Android Root Access: Should You Root Your Android Phone or Not?
Should You Root Your Android Phone or Not?
Android root access isn’t a new thing in the Android world, yet many Android phone users keep asking questions about the good, the bad and the ugly part of rooting Android phones.
Every day, Android users keep asking questions such as, Should I root my phone? What does rooting mean for Android? What can I do with a rooted phone? Does rooting damage my phone? among others.
To be sincere, these questions are important questions all Android users should ask when considering rooting their phones. If you really care about the money you spend in purchasing your phone, you shouldn’t just jump into rooting and start toying with the Android root access.
You should consider the pros and the cons of rooting and then decided if rooting your phone is worth it.
The aim of this post is to present to you the sincere answers to the above frequently asked questions about Android root access and other related questions.
Now, let’s get started!
What does rooting mean for android?
As you might have already known, the Android Operating System is an open-source OS. This means the OS is freely available for anybody to modify and use. So what OEMs (i.e. phone makers) do when developing a stock ROM is to get the “raw Android OS”, tweak it, customize it with their User Interface (UI), and then lock some of the functionalities of the software.
The reason some of the functionalities are locked is to prevent end-users (you and me) from tampering with the configuration of the phone. So, basically, when you buy a new Android phone, you buy it unrooted (locked).
However, when you subject the phone to the rooting process, you literally unlocked all the locked functionalities in the OS, and have access to the root (the core) of the OS.
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What can you do with a rooted phone?
Simple, you can do anything you aren’t able to do with your unrooted phone.
These include installing a custom ROM, which gives your phone a whole new look, installing unsupported apps, and performing a full backup of your phone (including the OS and installed apps).
Other things you can do with a rooted phone include overclocking your processor to improve its speed, and more importantly, uninstalling those useless pre-installed apps eating up your phone’s memory space.
What are the disadvantages of rooting android phones?
Another related question people often ask about Android root access is What are the disadvantages of rooting Android phones? Actually, if you are very good with the Android OS, there aren’t many disadvantages other than the fact that your phone’s warranty is void, immediately after you rooted your phone.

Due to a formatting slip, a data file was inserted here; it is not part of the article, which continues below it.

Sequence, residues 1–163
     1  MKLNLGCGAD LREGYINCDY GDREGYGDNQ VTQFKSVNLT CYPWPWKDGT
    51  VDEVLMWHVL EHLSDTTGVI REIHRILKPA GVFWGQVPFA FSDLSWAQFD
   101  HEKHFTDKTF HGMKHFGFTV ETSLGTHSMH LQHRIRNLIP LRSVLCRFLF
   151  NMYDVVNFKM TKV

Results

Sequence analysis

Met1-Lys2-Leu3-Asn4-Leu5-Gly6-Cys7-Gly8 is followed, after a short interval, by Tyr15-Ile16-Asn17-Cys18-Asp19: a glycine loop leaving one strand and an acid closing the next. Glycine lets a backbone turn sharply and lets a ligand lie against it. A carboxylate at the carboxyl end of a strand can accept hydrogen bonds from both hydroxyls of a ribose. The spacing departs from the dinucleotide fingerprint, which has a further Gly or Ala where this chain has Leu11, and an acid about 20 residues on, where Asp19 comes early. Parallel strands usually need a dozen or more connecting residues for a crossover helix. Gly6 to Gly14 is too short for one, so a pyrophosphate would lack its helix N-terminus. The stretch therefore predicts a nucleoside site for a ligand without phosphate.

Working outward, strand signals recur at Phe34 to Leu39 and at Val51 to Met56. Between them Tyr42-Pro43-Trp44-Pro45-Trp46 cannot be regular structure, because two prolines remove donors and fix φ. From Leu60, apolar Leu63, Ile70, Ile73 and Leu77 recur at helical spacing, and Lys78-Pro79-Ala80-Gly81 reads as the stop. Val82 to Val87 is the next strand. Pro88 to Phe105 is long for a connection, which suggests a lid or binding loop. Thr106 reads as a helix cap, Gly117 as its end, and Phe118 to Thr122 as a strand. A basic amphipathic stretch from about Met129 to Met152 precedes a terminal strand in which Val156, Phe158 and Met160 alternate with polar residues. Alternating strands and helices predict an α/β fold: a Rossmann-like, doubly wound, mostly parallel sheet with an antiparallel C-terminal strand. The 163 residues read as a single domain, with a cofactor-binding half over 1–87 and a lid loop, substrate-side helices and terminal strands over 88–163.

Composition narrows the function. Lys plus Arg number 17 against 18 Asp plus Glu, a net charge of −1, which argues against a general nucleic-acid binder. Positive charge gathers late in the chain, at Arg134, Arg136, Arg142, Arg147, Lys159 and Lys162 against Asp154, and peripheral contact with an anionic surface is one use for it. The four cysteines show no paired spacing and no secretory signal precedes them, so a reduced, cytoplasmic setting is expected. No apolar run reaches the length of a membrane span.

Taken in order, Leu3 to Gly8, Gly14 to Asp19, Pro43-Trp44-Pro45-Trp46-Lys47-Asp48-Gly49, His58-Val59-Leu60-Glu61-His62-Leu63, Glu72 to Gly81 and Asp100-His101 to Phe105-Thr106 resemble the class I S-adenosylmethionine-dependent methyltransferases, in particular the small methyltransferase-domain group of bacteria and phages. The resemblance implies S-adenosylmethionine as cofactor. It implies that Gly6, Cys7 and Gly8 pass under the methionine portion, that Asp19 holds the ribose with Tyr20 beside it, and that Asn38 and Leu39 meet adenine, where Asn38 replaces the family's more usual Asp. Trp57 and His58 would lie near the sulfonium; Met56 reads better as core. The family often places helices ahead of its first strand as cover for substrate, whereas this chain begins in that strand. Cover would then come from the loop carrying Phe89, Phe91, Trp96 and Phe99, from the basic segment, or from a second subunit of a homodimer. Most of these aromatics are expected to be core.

This means if your phone develops a fault, your OEM wouldn’t be able to repair or service it for you under a warranty.
Aside from the void warranty issue, another disadvantage of rooting Android phones is the risk of bricking. Bricking on Android means the corruption of the OS, which leads to a situation whereby the phone is unable to boot up. At times, the phone would boot up but wouldn’t pass the logo of the phone’s manufacturer.
Bricking occurs when the system settings or some system apps of the phone are misconfigured or uninstalled. It can be fixed by flashing a new ROM (Stock or Custom); however, all the previously installed apps and files on the phone will be gone.
Does rooting damage your phone?
Perhaps, this is the most important question bothering a lot of Android phone users: Does rooting damage an Android phone? The answer to this question is on two sides (i.e. No and Yes).
As I have stated in the disadvantage of rooting android phones: you can brick your phone – but only if you do what you are not to do. If you are careful and strictly obey instructions you are asked to follow when dealing with your Android root access, you are likely not to damage your phone.
Rooting a phone, in it is own sense, doesn’t damage the phone, unless on two occasions. One – tapering with the system files or misconfiguring the system files; two – installing official OTA update sent to you by your OEM on your rooted phone.
The second occasion is the reason you are always asked to unroot your phone, if it is rooted, before running OTA updates; this leads us to the last question people often ask about Android root access – whether a rooted phone can be unrooted.
Can you unroot your phone?
Yes, some phones can be unrooted, after they have been rooted. The unrooting process just undoes the root access and locks back all the root features. When some phones are unrooted, they are totally unrooted, with no signs of ever been rooted.
Final Words on Android Root Access
Rooting an Android phone is neither bad nor good. If you ever consider rooting your phone, look at the major things you can do with a rooted phone and ask yourself if those things are really what you want. I mean: Do you want to install a custom ROM? Do you want to remove your system apps? and others.
If you aren’t keen into doing any of those, then you shouldn’t root your phone! But if those are what you really want, then go ahead and grant Android root access to your phone. However, be careful when configuring your phone’s root and when dealing with the system apps.
In conclusion, if you don’t have a big heart, stay away from rooting!
Adedapo Olatunde is an editor at Techrabytes and an author at HowToTechNaija. He loves everything tech and everything space – and hopes to be one of the first tourists to Mars.